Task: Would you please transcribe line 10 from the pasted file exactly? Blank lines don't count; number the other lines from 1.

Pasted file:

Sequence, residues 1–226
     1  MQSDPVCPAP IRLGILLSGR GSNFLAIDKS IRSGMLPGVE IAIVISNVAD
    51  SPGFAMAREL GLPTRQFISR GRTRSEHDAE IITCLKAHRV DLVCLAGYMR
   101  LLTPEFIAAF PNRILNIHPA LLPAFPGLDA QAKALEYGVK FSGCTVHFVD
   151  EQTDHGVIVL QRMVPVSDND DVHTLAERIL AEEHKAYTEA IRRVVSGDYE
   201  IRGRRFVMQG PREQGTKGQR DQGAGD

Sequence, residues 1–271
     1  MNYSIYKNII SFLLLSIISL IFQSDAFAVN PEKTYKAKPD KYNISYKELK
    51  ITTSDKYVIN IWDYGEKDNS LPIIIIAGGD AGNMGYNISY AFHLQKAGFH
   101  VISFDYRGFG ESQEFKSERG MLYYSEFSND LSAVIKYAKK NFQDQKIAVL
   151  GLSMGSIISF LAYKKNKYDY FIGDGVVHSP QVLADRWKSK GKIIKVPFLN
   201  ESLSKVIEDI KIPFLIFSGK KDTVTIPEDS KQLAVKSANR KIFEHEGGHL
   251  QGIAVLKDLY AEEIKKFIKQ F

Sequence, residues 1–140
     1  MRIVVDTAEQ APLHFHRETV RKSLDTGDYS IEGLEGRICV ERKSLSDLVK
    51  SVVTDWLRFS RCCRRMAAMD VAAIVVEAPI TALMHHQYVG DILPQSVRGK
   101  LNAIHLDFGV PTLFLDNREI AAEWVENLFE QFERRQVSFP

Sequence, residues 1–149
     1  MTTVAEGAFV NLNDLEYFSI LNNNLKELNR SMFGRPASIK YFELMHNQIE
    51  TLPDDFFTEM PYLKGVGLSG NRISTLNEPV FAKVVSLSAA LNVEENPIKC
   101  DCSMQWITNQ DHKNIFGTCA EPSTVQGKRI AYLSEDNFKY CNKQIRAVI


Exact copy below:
   101  VISFDYRGFG ESQEFKSERG MLYYSEFSND LSAVIKYAKK NFQDQKIAVL